At Norwood’s most recent monthly Town Board of Trustees meeting, officials looked at a land use code document from the Planning & Zoning (P&Z) board regarding sidewalks and roads. Town administrator Patti Grafmyer said she was asking trustees to look over the document, which needed to be sent back to P&Z afterward with feedback.

Grafmyer indicated the document contained information the board had discussed earlier, regarding curbs and gutters, along with the chip-seal process.

Public works director Tim Lippert said he didn’t want the chip-seal process to be taken out of Norwood’s land use code. He told trustees he wanted to clear up the misconception about chip-seal, including the “history and what’s it about.”

Lippert said when he came to Norwood 30 years ago most of the roads were dirt roads, and the town had no money to work on them. He said town staff asked him to find ways to fix the roads, but he only had a road grader and a $500 budget.

Soon after, county officials said they wanted to help Norwood with the chip-seal process, as a measure for dust control and to work with mud on the streets. Lippert said the county did the work at cost and soon offered to double their budget for chip-seal to help Norwood.

Lippert said it was only a matter of time before the county was able to chip-seal the whole town.

He said when the Town of Norwood adopted standards, got asphalt and began working on drainage, chip-seal became required with new construction. He added CDOT is using chip-seal to spray new asphalt to “add life” to it.

He said it’s important to know chip-seal isn’t pavement. He said it’s a gooey, pliable substance. Asphalt on the other hand, is “hard and brittle” though porous. He said rain and moisture, combined with freezing temperatures, can deteriorate asphalt. Chip-seal acts like a sealant for it.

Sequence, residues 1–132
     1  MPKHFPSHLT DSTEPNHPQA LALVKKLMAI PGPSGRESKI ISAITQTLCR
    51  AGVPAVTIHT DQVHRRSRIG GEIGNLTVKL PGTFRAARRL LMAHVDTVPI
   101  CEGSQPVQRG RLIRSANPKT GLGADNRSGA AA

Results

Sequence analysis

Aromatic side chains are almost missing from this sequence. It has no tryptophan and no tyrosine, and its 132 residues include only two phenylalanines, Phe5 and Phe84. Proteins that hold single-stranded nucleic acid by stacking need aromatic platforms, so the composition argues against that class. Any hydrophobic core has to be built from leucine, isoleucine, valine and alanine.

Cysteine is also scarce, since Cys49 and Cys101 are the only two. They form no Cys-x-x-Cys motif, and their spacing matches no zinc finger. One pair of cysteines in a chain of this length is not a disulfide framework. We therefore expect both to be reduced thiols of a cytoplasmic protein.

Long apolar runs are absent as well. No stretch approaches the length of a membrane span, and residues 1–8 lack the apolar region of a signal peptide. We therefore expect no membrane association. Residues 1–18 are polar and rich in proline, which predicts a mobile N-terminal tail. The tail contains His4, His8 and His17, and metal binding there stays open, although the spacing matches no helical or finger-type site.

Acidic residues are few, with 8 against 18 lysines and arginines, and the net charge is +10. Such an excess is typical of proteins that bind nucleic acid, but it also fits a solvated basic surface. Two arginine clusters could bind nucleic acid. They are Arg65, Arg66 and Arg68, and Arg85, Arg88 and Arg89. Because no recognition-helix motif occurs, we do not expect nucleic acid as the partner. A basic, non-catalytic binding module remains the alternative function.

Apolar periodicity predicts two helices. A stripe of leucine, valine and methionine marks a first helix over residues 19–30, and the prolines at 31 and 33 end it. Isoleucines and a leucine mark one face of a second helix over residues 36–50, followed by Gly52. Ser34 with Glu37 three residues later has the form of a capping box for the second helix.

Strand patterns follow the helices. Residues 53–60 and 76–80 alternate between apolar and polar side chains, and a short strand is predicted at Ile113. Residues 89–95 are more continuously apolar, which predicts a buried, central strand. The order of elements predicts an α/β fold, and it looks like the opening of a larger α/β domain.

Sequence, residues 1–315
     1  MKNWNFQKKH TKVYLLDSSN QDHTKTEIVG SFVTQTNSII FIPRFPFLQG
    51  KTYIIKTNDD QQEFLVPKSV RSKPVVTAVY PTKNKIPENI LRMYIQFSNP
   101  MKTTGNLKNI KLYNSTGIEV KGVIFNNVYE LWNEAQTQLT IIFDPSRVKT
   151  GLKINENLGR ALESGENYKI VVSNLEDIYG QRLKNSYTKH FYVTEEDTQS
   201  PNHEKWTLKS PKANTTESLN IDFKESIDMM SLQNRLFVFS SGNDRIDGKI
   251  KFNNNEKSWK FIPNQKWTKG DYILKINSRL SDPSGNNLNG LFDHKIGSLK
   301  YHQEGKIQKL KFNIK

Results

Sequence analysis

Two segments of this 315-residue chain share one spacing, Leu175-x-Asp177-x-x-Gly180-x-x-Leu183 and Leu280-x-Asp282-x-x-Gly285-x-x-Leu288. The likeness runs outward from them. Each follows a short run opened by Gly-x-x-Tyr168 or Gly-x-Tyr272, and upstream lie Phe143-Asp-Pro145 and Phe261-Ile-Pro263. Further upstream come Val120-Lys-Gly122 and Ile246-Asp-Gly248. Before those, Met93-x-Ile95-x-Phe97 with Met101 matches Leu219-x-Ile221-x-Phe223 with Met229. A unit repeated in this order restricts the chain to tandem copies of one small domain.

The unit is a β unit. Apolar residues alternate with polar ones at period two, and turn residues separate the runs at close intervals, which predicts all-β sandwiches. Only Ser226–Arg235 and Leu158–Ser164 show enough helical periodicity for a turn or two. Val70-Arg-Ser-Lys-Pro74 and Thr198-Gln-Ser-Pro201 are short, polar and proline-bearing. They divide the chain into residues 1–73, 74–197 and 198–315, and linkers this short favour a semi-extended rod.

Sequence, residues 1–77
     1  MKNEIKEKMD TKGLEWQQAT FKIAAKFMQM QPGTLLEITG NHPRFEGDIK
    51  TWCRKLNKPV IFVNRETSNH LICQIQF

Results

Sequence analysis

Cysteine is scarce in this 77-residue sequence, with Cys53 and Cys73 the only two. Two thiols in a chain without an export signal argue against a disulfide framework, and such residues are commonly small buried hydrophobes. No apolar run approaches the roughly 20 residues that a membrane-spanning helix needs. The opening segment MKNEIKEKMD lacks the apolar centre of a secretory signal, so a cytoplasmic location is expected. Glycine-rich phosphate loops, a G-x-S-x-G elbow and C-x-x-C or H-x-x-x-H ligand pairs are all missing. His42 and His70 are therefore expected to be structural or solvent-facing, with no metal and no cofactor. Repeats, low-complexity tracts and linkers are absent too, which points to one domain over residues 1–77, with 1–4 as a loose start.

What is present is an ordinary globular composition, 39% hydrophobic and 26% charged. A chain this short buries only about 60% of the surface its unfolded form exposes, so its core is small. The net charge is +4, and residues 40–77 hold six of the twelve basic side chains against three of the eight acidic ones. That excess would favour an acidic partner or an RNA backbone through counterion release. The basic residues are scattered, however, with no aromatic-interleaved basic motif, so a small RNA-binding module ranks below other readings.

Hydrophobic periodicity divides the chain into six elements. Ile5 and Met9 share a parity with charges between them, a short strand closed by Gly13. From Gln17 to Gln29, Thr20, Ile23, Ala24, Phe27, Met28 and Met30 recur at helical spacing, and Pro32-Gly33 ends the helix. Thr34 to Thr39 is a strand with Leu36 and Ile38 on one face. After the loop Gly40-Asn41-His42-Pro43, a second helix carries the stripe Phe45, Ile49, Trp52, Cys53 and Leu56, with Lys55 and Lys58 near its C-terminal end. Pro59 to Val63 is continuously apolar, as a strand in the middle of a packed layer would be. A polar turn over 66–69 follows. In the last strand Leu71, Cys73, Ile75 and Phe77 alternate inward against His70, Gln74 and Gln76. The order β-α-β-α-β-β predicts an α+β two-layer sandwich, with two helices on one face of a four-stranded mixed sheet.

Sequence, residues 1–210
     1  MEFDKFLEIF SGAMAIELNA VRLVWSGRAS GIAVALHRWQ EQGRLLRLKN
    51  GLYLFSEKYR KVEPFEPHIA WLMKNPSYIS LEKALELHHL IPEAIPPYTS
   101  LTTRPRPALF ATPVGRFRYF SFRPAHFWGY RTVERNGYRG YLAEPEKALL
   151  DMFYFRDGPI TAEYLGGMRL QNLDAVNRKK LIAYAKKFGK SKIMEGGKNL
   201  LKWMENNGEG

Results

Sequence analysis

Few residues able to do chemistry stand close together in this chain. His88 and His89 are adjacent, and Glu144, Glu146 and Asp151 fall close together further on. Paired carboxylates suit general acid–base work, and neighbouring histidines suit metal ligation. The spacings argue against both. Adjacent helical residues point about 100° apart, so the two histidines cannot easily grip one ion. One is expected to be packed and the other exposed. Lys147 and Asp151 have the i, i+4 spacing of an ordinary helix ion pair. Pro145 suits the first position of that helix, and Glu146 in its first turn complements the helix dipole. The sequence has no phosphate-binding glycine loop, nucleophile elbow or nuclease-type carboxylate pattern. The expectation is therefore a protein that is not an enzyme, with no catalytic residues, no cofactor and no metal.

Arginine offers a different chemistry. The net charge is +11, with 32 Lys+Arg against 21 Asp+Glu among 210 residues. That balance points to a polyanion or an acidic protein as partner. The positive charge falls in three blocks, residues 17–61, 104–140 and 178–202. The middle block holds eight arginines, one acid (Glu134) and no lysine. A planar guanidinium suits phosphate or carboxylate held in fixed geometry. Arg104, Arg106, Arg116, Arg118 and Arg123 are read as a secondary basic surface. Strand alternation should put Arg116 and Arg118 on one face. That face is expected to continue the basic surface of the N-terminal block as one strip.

He said Norwood typically does the chip seal work around local subdivisions.

“It keeps moisture out,” he said.

He added that San Miguel County’s support has been great for the town.

“They have done us a really good job, I hate to see that go away,” he said. “I hate to see it take a step backward.”

The last two years, due to various reasons with the chip-seal company, no chip-seal work has taken place locally.

Carrie Andrew, director of Lone Cone Library, spoke up at the May meeting. She said she’s still upset about the road by the library being chip-sealed two years ago. She said it was a brand new road and didn’t need the chip-seal work done. She said it was a waste of taxpayer money to have completed that work.

“Other roads needed it more than mine,” she said. “We went thru $60,000 of taxpayer money that was chip-sealed over in six months. That is why I keep bringing it up.”

Grafmyer told trustees that the P&Z board was only presenting options in the document. She said the document doesn’t have to remove chip-seal altogether from the land use code.

“It doesn’t have to be taken out of the land use code completely,” Grafmyer said.

Trustees approved the letter from P&Z and moved forward with the document. The town board awaits additional communication from P&Z.